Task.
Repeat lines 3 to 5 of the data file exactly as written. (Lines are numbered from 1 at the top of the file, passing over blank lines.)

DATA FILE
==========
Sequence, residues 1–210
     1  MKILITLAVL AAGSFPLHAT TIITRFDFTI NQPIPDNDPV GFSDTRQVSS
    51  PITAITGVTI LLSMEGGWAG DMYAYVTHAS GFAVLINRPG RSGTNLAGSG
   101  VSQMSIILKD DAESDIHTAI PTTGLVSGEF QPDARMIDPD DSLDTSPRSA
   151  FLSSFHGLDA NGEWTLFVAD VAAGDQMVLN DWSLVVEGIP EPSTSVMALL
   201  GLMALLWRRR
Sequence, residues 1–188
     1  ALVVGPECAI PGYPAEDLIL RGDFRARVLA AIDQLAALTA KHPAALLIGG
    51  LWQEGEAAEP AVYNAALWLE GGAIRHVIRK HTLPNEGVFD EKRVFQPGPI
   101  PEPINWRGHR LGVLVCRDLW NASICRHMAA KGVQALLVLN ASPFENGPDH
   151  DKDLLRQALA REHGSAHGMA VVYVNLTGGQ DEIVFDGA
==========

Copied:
    51  PITAITGVTI LLSMEGGWAG DMYAYVTHAS GFAVLINRPG RSGTNLAGSG
   101  VSQMSIILKD DAESDIHTAI PTTGLVSGEF QPDARMIDPD DSLDTSPRSA
   151  FLSSFHGLDA NGEWTLFVAD VAAGDQMVLN DWSLVVEGIP EPSTSVMALL